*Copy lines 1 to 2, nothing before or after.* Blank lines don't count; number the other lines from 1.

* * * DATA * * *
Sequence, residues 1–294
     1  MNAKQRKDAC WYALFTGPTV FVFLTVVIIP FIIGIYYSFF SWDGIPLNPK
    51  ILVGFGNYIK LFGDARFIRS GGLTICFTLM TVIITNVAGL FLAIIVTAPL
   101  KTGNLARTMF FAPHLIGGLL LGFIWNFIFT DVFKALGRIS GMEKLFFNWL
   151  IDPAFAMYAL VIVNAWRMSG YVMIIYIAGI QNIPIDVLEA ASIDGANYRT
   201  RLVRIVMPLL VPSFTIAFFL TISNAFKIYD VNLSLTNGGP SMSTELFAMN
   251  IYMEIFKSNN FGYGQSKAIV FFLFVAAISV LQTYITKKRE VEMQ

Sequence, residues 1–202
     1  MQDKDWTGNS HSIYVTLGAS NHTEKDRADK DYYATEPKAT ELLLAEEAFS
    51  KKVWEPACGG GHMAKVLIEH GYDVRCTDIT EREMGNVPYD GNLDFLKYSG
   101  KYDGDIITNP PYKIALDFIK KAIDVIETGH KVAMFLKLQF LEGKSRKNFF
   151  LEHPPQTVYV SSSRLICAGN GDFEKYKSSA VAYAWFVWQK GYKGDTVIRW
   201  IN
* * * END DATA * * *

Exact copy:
Sequence, residues 1–294
     1  MNAKQRKDAC WYALFTGPTV FVFLTVVIIP FIIGIYYSFF SWDGIPLNPK